Sally | Oct 23, 2018 | 0
Taking on the Mini Mudder Challenge
Like most 10-year-olds, Flea has a thirst for adventure that makes me proud while equally making me want to cry a bit – as a single Mum, I’m often dragged along for the ride against my better judgment.
However, good news – this summer your kids can get filthy on an adventure all of their own, and grown-ups are not required to join in (although you can if you’d like to…)
Earlier this month, Flea and I headed down to London to the Tough Mudder race taking place near Henley-on-Thames. Our challenge wasn’t the Tough Mudder, a 10-mile race that includes obstacles that involve jumping into iced water or being electrocuted – but rather the junior version of that challenge, the Mini Mudder.
Now in its second year, the Fruit Shoot Mini Mudder is a Tough Mudder style challenge with all the mud and none of the near-psychotic violence of the adult version. Sponsored by Robinsons, the Mini Mudder is suitable for kids aged 7 to 12, and takes place around the country throughout the summer – check out the Mini Mudder website for details of races near you.
We arrived in Henley in good time for our meet-up time of 11am – kids in the Mini Mudder run in hourly groups, and the races can get busier later in the day, so it’s a good idea to shoot for an early start time if you can.
I’d never really heard much about Tough Mudder but these events are HUGE with tens of thousands of participants. When you arrive on site, it’s a bit like a festival – there are food stands and refreshment stalls, and screens and sponsors and that sort of thing. You pay a small fee to spectate and another to participate, and everyone is given a wristband that allows them access to the event. Family tickets for Mini Mudder with two kids participating and two adult spectators cost £25.
It’s definitely worth a day out – certainly, there’s a lot of fun to be had just absorbing the atmosphere. The guys and women running the adult race are completely psyched up and Flea had a blast watching them jumping off high ropes and crawling under live electrical wires, with hilarious commentary from the on-site announcers all the while.
Once we arrived, it was fairly simple to register and get Flea’s race number – although you WILL need to sign some fairly scary looking disclaimers before you’re allowed to participate or spectate. The kids’ race is set just off to the side of the main start line, and you’ll need to register again here after registering at the main gate.
Once your allotted time comes around, the kids are whisked off for a warm-up session with some activity coaches, and then the race begins. It’s set up so parents can basically be on the sidelines all the way round the course, offering encouragement and the odd helping hand if needed.
Actually, the course is mostly based around the idea that kids love to get dirty. REALLY dirty.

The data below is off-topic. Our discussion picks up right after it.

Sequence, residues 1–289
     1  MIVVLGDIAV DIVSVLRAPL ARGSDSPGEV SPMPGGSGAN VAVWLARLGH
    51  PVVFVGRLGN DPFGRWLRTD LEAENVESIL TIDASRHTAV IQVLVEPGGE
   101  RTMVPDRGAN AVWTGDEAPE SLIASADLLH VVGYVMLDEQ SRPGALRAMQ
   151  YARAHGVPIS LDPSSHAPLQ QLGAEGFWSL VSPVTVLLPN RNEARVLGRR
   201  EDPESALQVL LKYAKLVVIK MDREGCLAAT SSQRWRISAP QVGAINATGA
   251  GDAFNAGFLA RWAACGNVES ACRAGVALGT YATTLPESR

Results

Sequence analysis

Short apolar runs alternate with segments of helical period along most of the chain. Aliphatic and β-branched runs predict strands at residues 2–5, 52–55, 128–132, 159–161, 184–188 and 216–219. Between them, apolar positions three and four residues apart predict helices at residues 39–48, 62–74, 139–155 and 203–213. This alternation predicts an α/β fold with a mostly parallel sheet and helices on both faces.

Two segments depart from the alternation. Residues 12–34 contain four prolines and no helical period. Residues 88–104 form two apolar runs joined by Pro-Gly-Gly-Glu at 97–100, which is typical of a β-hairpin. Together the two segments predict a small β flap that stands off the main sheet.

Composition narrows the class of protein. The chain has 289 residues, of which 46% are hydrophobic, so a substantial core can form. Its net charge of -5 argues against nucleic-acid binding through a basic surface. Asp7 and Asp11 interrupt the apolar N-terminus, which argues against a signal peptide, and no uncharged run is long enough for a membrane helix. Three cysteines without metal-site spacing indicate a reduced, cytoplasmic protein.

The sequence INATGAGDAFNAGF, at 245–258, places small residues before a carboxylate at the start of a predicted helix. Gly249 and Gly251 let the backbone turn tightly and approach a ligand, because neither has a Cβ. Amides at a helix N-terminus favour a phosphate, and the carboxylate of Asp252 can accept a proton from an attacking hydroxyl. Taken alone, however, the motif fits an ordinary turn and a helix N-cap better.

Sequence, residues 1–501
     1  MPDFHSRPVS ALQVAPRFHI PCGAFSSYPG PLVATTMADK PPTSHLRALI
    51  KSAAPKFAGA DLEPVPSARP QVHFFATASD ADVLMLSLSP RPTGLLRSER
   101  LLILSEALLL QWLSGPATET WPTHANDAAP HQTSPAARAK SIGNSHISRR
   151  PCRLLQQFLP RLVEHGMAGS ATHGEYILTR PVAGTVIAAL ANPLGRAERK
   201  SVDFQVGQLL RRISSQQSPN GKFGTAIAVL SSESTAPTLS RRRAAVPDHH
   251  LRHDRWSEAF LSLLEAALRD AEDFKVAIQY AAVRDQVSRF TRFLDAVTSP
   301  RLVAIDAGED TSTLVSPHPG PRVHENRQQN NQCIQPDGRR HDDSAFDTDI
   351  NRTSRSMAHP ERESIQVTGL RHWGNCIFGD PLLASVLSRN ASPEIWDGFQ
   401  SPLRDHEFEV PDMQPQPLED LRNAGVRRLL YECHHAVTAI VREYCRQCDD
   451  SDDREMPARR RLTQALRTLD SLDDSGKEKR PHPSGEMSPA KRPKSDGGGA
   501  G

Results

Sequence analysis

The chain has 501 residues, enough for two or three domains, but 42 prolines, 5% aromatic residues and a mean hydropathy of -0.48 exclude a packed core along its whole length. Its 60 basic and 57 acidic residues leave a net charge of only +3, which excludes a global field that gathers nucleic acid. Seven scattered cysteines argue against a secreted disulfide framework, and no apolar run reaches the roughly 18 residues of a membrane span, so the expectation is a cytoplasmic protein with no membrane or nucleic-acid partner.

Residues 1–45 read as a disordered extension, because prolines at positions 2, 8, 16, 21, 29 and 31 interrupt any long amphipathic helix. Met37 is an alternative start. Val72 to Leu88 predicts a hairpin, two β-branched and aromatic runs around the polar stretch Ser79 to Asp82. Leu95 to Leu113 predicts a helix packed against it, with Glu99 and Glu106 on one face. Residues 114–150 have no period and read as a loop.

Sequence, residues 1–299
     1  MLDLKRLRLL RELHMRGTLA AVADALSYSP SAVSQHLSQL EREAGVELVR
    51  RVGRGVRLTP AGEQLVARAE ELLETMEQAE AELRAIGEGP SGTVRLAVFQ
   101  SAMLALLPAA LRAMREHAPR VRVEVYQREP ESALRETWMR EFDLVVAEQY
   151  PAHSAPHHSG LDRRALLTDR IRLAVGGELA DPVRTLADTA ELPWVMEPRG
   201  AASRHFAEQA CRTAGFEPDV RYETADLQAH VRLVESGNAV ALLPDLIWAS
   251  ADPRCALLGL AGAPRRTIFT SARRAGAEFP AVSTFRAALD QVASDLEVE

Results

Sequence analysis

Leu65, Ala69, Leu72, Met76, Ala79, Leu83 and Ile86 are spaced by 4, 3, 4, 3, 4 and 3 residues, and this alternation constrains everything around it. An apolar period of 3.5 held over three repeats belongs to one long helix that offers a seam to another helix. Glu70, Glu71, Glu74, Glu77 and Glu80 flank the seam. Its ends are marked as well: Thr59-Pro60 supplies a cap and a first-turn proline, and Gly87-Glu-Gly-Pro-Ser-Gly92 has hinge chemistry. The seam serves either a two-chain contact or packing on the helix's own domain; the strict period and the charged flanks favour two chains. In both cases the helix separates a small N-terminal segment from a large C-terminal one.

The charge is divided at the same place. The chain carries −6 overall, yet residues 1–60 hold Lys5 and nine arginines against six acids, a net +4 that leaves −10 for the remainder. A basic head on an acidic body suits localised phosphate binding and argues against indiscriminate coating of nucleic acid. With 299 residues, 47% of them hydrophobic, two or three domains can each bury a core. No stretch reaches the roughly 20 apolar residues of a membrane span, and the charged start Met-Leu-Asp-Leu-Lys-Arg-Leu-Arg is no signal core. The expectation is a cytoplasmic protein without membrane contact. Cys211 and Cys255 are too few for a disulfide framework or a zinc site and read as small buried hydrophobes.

There are mini versions of some Tough Mudder obstacles like the Mud Mile, which involves crawling through a series of shallow ditches filled with muddy water, and sliding through tunnels, landing in another ditch. Or the hero walls – a sort of vertical half-pipe that kids need to work together to scale, especially once it’s slippery with mud.
The course itself is a quarter of a mile long with about 10 obstacles, and the children do four laps, meaning they’ll need to run a mile in total. It’s short enough to be manageable for even younger children, but long enough to feel like an achievement.
I really liked that the Mini Mudder is described by all the staff as a ‘challenge’ not a race – there’s no pressure on kids to win, or to beat each other, the challenge is to work as a team and for everyone to finish, with a little help, if needed. There are on-site stewards who will also give kids a little helping hand where needed.
For Flea, though, the fun was in just how filthy she could get in the space of 40 minutes. And the answer is… completely filthy.
Fortunately for my car upholstery, there are huge shower platforms that are basically rigging with hosepipes attached, where kids can strip down while you give them a good wash down.
Top tip: do remember to bring big sacks to dump the dirty clothes and shoes, a towel to dry off, and some clean clothes to put on afterwards. Be warned in advance, this is not your local gym’s changing room. It’s a platform, in the middle of a muddy field, with cold water from hoses, and pretty much zero privacy. There are some privacy barriers for ladies/gents changing, but set your expectations accordingly would be my advice. This is a rough and ready set-up.
If you’d like to explore the Fruit Shoot Mini Mudder with your family, events are taking place in Scotland (June), Yorkshire (August), the South West (August) and in London and the North West (September). Check out the website for more details.
Want to see more? Here’s Flea’s vlog of her experience running the Fruit Shoot Mini Mudder:
Disclosure: We were invited to attend the Mini Mudder as guests of Robinsons Fruit Shoot and our expenses were covered in attending this event. However, the mud and disgustingness you see in this post is 100% genuine. And it smelled so, so bad.